_{n}(∇ H) −*m*−2

*α=1*

*∇ Hα*

_{n}*α.*(II.30)

These last two identities enable us to finally express the Willmore equa-tion (II.28) in the desired divergence form; namely:

∆ *H− 3 div(π _{n}(∇ H)) + div *∇⊥

*n ∧ H*

*= 0.*(II.31)

**II.2 The proofs of the conservation laws (I.11) and (I.12), and of the**
* identity (I.13). Assume that (I.9) holds on D*2for a bilipschitz conformal
immersion

*Φ. Consider the map L from D*2intoR

*m*defined via

∇⊥_{L := ∇ }_{H}_{− 3π}

*n(∇ H) + (∇*⊥*n ∧ H).* (II.32)
A simple argument guarantees that *L is uniquely defined up to a *

multiplica-tive constant.

Our first aim is to establish (I.11). Using again a local framing of the normal and of the tangent bundles to the immersion, we have:

*(∇*⊥_{n ∧ }_{H}_{) = }*m*_{−2}
*β,γ=1*
*Hγ*∧_{α<β}*n _{α}*∧ ∇⊥

*n*∧

_{β}

_{β>α}*n*

_{α}∧ n_{γ}*= −*

*m*−2

*γ=1*

*Hγn ∧ ∇*⊥

*n*= −

_{γ}*m*−2

*γ=1*

*Hγ*∇⊥

*n*1

_{γ}, e*e*2− ∇⊥

_{n}*γ, e*2

*e*1

*.*(II.33)

Accordingly, we find
*(∇*⊥_{n ∧ }_{H}_{) · ∇ }_{Φ = −}
*m*−2
*γ=1*
*Hγ∇ n _{γ}*· ∇

*Φ.*(II.34)

Since clearly*π _{n}(∇ H) · ∇ *Φ = 0, we have thus proved that
∇⊥

_{L · ∇ Φ = ∇ }_{H}_{· ∇ }

_{Φ −}

*m*−2
*γ=1*

*Hγ∇ n _{γ}*· ∇

*Φ.*(II.35)

On the other hand, the fact that *n _{γ}*· ∇ Φ = 0 implies:

∇ *H*· ∇ Φ =
*m*−2
*γ=1*

*Hγ∇ n _{γ}* · ∇

*Φ.*(II.36)

The desired identity (I.11) follows at once from substituting (II.36) into (II.35).

Our second aim consists in recovering identity (I.12). To this end, we first note that

∇ Φ ∧ ∇ *H* =
*m*−2
*γ=1*
*∇ Hγ* _{· ∇ }_{Φ ∧ n}*γ* +
*m*−2
*γ=1*
*Hγ*∇ *Φ ∧ ∇ n _{γ}.* (II.37)

Secondly, there holds

−3∇ *Φ ∧ πn(∇ H)*
= −3∇ *Φ ∧ πn*
*m*_{}−2
*γ=1*
*∇ Hγ _{· n}*

*γ*− 3∇

*Φ ∧ πn*

*m*

_{}−2

*γ=1*

*Hγ∇ n*= −3∇ Φ ∧

_{γ}*m*−2

*γ=1*

*∇ Hγ*

_{· n}*γ*− 3∇ Φ ∧

*m*−2

*α,γ=1*

*Hγ(∇ n*(II.38)

_{γ}, n_{α})n_{α}.And thirdly, using (II.34), we find

∇ *Φ ∧ (∇*⊥_{n ∧ }_{H}_{) = −∇ }_{Φ ∧}
*m*−2
*γ=1*
*Hγ*∇⊥*n _{γ}, e*1

*e*2− ∇⊥

_{n}*γ, e*2

*e*1 =

*m*−2

*γ=1*

*Hγ[(∂x*2

*nγ, ∂x*1

*Φ) − (∂x*1

*nγ, ∂x*2

*Φ)]e*1

*∧ e*2

*= 0,*(II.39) owing to the symmetry of the second fundamental form.

Bringing altogether (II.37), (II.38), and (II.39) finally yields the desired
∇ Φ ∧ ∇⊥_{L = −2}*m*−2
*γ=1*
*∇ Hγ* _{· ∇ }_{Φ ∧ n}*γ*+
*m*−2
*γ=1*
*Hγ*∇ *Φ ∧ ∇ n _{γ}*
− 3∇ Φ ∧

*m*−2

*α,γ=1*

*Hγ(∇ n*= −2

_{γ}, n_{α})n_{α}*m*

_{}−2

*γ=1*

*∇ Hγ*

_{· ∇ }

_{Φ ∧ n}*γ*− 2

*m*

_{}−2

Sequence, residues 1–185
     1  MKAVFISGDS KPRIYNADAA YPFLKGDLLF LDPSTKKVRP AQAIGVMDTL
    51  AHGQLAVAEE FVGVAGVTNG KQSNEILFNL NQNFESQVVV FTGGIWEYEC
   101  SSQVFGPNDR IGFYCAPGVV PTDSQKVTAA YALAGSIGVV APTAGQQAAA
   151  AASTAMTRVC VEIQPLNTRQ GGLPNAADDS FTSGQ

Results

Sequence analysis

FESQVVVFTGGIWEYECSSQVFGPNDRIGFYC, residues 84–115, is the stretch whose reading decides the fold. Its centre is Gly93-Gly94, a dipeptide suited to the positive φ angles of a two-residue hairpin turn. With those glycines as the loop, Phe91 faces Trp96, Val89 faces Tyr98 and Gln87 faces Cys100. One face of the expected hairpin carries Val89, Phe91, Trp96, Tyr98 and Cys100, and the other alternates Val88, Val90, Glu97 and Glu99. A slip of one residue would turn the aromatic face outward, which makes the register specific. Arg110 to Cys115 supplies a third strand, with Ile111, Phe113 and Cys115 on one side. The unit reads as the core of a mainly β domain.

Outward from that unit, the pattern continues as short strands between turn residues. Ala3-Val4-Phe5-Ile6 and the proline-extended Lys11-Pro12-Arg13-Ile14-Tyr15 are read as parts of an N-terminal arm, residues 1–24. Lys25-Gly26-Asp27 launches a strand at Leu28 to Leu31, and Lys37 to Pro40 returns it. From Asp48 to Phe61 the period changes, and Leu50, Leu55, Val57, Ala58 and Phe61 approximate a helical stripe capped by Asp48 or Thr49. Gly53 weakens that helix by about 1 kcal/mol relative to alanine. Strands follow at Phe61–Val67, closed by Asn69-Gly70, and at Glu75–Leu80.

*γ=1*

*Hγ*∇

*Φ ∧ ∇ n*= ∇ Φ ∧ ∇

_{γ}*H.*(II.40)

We shall now compute the term4*∇((n H)) ∇*⊥Φ. For this, we first

observe that
*n* *H*=
*m*−2
*γ=1*
*(−1)γ−1 _{H}γ*

_{∧}

*α=γ*

*nα.*(II.41)

Hence there holds

*(n H) = (−1)m*−3*e*1*∧ e*2∧ *H,* (II.42)

thereby yielding:

*(−1)m*−3_{∇[(n }

*H)] = e1∧ e*2∇ *H+ ∇e*1*∧ e*2∧ *H+ e*1*∧ ∇e*2∧ *H.*

(II.43) Next, we have that

*(e*1*∧ e*2∧ ∇ *H) ∇*⊥*Φ = e* *λe*2∧
*∂ H*
*∂x2* *+ eλ*
*∂ nγ*
*∂x2, e*1
*e*1*∧ e*2
*+ eλ _{e}*
1∧

*∂ H*

*∂x1*

*− eλ*

*∂ nγ*

*∂x1, e*2

*e*1

*∧ e*2. (II.44)

This last identity may further be simplified using the symmetry of the second fundamental form. More precisely, (II.44) becomes:

*(e*1*∧ e*2∧ ∇ *H) ∇*⊥*Φ = e* *λe*2∧ *∂ *
*H*
*∂x2* *+ eλe*1∧ *∂ *
*H*
*∂x1*
= ∇ Φ ∧ ∇ *H.*
(II.45)

4 _{The reader will find a rationale for looking at this particular term by considering the}

On the other hand, there holds
*(∇e*1*∧ e*2∧ *H) ∇*⊥Φ = −
*e*1
*∂x1* *∧ e*2∧ *H*
_{∂ }_{Φ}
*∂x2*
+
*e*1
*∂x2* *∧ e*2∧ *H*
_{∂ }_{Φ}
*∂x1*
*= −eλ**∂e*1
*∂x1, e*2
*e*2∧ *H+ eλ∂e*
1
*∂x1* ∧ *H*
=
*m*−2
*γ=1*
*eλ*
*∂e*1
*∂x1, nγ*
*nγ*∧ *H,*
(II.46)
and similarly
*(e*1*∧ ∇e*2∧ *H) ∇*⊥Φ = −
*e*1∧ *e*
2
*∂x1* ∧ *H*
_{∂ }_{Φ}
*∂x2*
+
*e*1∧ *e*
2
*∂x2* ∧ *H*
_{∂ }_{Φ}
*∂x1*
*= −eλ**∂e*2
*∂x1, e*1
*e*1∧ *H+ eλ∂e*
2
*∂x2* ∧ *H*
=
*m*−2
*γ=1*
*eλ*
*∂e*2
*∂x2, nγ*
*nγ*∧ *H.*
(II.47)

Adding (II.46) and (II.47) together, we find that

*(∇e*1*∧ e*2∧ *H) ∇*⊥*Φ + (e* 1*∧ ∇e*2∧ *H) ∇*⊥Φ
=
*m*−2
*γ=1*
*eλ*
*∂e*1
*∂x1, nγ*
+
*∂e*2
*∂x2, nγ*
*nγ* ∧ *H*
*= 2e*2_{λ}*H*∧ *H* *= 0.*
(II.48)

We may now combine (II.43), (II.45), and (II.48) to deduce the identity

*(−1)m*−3* _{∇[(n }_{H}_{)] ∇}*⊥

_{Φ = ∇ }

_{Φ ∧ ∇ }

_{H}_{.}_{(II.49)}

Upon introducing (II.40) into the latter, we have proved that

∇ Φ ∧ ∇⊥* _{L = 2(−1)}m*−2

*⊥*

_{∇[(n }_{H}_{)] ∇}

_{Φ.}_{(II.50)}

This is the desired result, thereby ending the proof of the conservation law (I.12).

In order to complete the proof of Theorem I.4, there remains to establish identity (I.13). To this end, we first note that

*(n H) = *
*m*_{}_{−2}
*γ=1*
*(−1)γ−1 _{H}γ*

_{∧}

*α=γ*

*nα*

*= (−1)m*−3

*1*

_{e}*∧ e*2∧

*H. (II.51)*

From this, it follows at once that

*(n H) ∇ Φ = (−1)m*−2∇⊥Φ ∧ *H.* (II.52)
*Hence, from the defining identity for R, namely*

∇ *R*:= ∇ *Φ ∧ L + 2(−1)m[(n H)] ∧ ∇ Φ,* (II.53)
we find

∇ *R*= ∇ *Φ ∧ L + 2∇*⊥Φ ∧ *H.* (II.54)
Using *n ∇ *Φ = 0, we infer from (II.54) that

*n • ∇*⊥_{R}_{}* _{= −(n L) ∧ ∇}*⊥

_{Φ + 2(n }_{}

_{H}_{) ∧ ∇ }_{Φ.}_{(II.55)}Let us next introduce the decomposition

*L*=

*N*+

*T , where N*

*= π*

_{n}( L) is*normal to T _{Φ(x)}*

_{}

*Φ(D*2

_{), while }_{T is contained in T}

*Φ(x)Φ(D* 2*). In particular,*
we thus have *n L = n N. Furthermore, there holds:*

*[(n N) ∧ ∇*⊥*Φ] = *
*m*−2
*γ=1*
*(−1)γ−1 _{N}*

*γ*∧

*α=γ*

*nα*∧ ∇⊥Φ

*= (−1)m*−1

_{∇ }

_{Φ ∧ }

*(II.56)*

_{N}_{.}A similar computation shows that

*[(n H) ∧ ∇ Φ] = (−1)m*∇⊥Φ ∧ *H.* (II.57)
Combining (II.55), (II.56), and (II.57) produces now:

*(−1)m _{ [n • ∇}*

_{⊥}

_{R] = ∇ }_{Φ ∧ }

*N*+ 2∇⊥Φ ∧ *H*

= ∇ *R*− ∇ Φ ∧ *T.* (II.58)

*We consider next the function S on D*2 _{defined through the identity}
*∇S = L · ∇ *Φ. Since *T* *= L · e*1*e*1*+ L · e*2*e*2, we derive easily

*eλT*= *∂S*
*∂x1e*1+

*∂S*

*∂x2e*2. (II.59)

This implies that

∇ Φ ∧ *T* *= −e*1*∧ e*2∇⊥*S= − n∇*⊥*S.* (II.60)